STRENGTH: Buckner/Chevron Phillips partnership helps abused & neglected children
Strength can be found in partnerships, and Buckner Children and Family Services finds strength in the partnership it has with Chevron Phillips.
At this time in the COVID-19 pandemic, this year’s Chevron Phillips Charity Golf Tournament is still scheduled for Sept. 25. The success of this tournament is one of the biggest sources of revenue for Buckner Children and Family services, a fact not lost on Buckner Southeast Texas administrator Laura May, since the funding goes to directly helping area children and families.
“That golf tournament plays a very huge role. It’s our largest contributor of the services that we get funding from,” May said. “And the funding that we ask for from the community is really for the first-line work with our children and families that we do. We try really hard to cover all of our overhead through other grants, per diems and contracts we have from the state. With the things that we ask for from the community, we try to keep those directly serving the kids and the families that we work with.”
Buckner, a Christian organization, has provided a safe home for Southeast Texas children with backgrounds of abuse, neglect or abandonment for more than 50 years.
They work to help children find foster families, adoption family crisis classes and other programs.
Buckner senior events manager Rhonda Robichau said it’s the support shown by Chevron Phillips that keeps the programs going.
“We can’t do this without community support, and Chevron Phillips has also been ready and eager to help us with the needs of the children,” she said. “The golf tournament is one way they do that. All the proceeds from the tournament stay in Southeast Texas to benefit our kids here.”
Buckner, of course, has a lot of help from a community that is usually quite enthusiastic in its support for a golf tournament.
“They’re pretty popular in this area,” Chevron Phillips community relations manager Vicki Derese said. “I think that was kind of why we wanted to go in that direction. I, myself, don’t play, so I’ve had to learn a little bit about golf. I can see why it’s such a popular event and makes for a good fundraiser.”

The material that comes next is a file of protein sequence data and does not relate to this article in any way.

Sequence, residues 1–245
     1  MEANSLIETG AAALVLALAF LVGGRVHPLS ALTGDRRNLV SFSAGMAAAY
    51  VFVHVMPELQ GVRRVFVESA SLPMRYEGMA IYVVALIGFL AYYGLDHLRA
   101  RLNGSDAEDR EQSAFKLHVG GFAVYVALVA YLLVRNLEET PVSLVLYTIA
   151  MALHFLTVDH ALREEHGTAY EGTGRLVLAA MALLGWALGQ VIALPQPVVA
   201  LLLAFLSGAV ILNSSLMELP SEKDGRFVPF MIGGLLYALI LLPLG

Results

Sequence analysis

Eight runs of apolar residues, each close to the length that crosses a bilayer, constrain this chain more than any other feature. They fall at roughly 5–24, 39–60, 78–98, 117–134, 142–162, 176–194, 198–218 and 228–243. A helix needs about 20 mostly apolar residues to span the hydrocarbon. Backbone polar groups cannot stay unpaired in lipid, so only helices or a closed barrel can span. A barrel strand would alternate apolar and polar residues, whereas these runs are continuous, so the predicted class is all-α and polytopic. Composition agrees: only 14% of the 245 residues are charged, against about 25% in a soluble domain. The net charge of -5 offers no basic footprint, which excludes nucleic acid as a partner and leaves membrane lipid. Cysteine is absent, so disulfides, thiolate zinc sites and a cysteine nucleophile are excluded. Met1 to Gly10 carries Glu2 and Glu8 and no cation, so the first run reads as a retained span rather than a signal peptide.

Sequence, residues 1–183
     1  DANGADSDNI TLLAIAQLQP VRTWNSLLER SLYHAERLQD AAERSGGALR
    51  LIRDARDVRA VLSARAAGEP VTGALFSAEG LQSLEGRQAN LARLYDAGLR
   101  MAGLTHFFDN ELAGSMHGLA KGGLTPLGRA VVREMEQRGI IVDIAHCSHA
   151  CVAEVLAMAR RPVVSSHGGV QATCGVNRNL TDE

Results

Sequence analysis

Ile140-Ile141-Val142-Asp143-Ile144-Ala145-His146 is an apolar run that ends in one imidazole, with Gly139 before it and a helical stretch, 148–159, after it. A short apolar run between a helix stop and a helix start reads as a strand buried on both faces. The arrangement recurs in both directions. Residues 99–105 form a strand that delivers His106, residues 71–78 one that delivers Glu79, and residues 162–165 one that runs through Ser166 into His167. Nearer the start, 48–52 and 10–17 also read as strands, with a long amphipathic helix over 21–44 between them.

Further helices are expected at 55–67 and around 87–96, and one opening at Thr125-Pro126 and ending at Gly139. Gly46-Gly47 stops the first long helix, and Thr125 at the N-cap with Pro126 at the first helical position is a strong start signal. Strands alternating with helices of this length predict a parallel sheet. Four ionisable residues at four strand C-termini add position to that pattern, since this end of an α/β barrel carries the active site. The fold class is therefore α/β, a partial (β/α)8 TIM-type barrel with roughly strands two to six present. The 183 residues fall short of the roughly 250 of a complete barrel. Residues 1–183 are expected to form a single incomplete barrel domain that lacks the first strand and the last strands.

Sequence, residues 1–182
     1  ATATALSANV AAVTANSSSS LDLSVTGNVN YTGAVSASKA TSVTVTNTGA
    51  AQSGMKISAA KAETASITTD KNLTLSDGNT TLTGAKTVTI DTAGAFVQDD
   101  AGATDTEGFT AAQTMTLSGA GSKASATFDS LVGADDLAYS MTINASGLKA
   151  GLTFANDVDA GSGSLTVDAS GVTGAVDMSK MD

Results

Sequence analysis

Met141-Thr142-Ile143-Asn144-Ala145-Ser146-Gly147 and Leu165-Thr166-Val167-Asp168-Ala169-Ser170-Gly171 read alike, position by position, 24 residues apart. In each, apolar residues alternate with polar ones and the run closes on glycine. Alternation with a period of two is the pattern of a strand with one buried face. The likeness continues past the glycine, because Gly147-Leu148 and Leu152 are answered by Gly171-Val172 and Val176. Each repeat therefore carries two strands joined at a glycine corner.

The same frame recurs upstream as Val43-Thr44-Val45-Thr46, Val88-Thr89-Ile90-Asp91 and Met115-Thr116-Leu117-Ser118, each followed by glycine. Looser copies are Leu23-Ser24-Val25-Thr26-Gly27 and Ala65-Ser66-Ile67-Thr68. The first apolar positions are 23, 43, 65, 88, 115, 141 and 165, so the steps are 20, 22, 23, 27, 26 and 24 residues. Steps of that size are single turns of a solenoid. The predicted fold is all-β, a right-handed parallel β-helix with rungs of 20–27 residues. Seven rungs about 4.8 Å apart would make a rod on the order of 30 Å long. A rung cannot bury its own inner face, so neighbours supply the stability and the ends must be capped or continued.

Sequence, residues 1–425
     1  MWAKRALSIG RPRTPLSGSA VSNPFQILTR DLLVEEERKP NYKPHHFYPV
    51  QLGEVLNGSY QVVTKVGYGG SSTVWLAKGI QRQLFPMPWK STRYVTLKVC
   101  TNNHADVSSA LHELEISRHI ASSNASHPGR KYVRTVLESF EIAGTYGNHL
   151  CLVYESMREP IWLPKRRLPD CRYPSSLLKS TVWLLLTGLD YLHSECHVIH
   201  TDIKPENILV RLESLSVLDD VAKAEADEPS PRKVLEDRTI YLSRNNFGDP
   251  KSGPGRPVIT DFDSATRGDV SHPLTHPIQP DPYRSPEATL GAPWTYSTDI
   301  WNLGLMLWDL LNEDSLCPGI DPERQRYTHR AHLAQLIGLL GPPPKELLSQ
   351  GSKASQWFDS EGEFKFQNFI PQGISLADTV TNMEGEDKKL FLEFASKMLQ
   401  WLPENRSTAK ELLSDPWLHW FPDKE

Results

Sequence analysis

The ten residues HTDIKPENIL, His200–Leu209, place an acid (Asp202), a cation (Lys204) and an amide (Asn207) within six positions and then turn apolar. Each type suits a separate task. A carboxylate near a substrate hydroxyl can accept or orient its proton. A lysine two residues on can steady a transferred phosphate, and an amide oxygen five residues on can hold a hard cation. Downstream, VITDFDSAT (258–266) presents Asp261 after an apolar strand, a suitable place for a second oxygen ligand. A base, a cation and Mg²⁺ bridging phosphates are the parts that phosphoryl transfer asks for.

The tournament includes prizes for top finishers and other golf events like longest drive, closest to the pin, putting, sweet spot challenge, hitting the green and more.
Those less inclined toward golf will find a banquet of food available from the 14 food pits cooking breakfast, lunch, snacks and desserts.
“Our other big draw is the food,” Derese said. “We’ve got lots of people that come out and put pits and other things at the tournament to cook. I would say if you leave our tournament hungry there’s something wrong!”
The pits compete among themselves for tips patrons give to the best pit, which the pits donate to Buckner.
The pit with the most tips wins “Pit Stop of the Year,” which includes a personal trophy and a traveling trophy that bears the winners’ names.
In 2019, Paul Spence and Randy White of STI Group won the award.
“I think one of the highlights of the event that makes it stand out is all of the wonderful food vendors that come out and show up to feed our golfers,” Robichau said. “Everyone has a really good time raising money for the event. I love that it’s typically a sold-out event, which shows that the community enjoys supporting the boys and girls.”
To date, the tournament has raised $3.4 million for Buckner, and $274,466 raised just last year. For Derese, the whole endeavor is worth it because Buckner is worth it.
“First and foremost Buckner is a very worthwhile organization,” she said. “They do such wonderful work in the community to help abused children.”
The strength of the partnership between Buckner and Chevron Phillips goes beyond the annual golf tournament, which began in 1999. Also every year, Chevron Phillips hosts a traditional Christmas dinner for the children living at Buckner campuses and foster homes. Chevron Phillips employees also shop for gifts for all of Buckner’s children.
“Santa comes and passes the gifts out at night,” Robichau said. “[Chevron Phillips] sponsors that whole thing. Their staff goes out and buys the gifts, wraps them and brings them to us to have ready for that night. The company itself pays for the actual dinner for that night and they’ve been doing that for over 20 years.”
May appreciates everything Chevron Phillips does for Buckner’s mission.
“We love them,” May said. “They are amazing, and that tournament gives us the ability to keep services for the community that we provide and for the children and families that we serve. It really gives us the opportunity to provide the best care that we can. They make it possible for us to do what we do for kids and families everyday in the community.”
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